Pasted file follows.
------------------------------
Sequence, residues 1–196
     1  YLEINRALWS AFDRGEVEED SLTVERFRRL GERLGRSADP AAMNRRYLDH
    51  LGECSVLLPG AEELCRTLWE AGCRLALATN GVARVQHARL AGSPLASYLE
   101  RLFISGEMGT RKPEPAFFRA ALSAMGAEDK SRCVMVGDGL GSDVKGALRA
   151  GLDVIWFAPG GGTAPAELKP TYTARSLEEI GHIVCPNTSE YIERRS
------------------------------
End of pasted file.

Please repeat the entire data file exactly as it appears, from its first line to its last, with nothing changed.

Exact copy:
Sequence, residues 1–196
     1  YLEINRALWS AFDRGEVEED SLTVERFRRL GERLGRSADP AAMNRRYLDH
    51  LGECSVLLPG AEELCRTLWE AGCRLALATN GVARVQHARL AGSPLASYLE
   101  RLFISGEMGT RKPEPAFFRA ALSAMGAEDK SRCVMVGDGL GSDVKGALRA
   151  GLDVIWFAPG GGTAPAELKP TYTARSLEEI GHIVCPNTSE YIERRS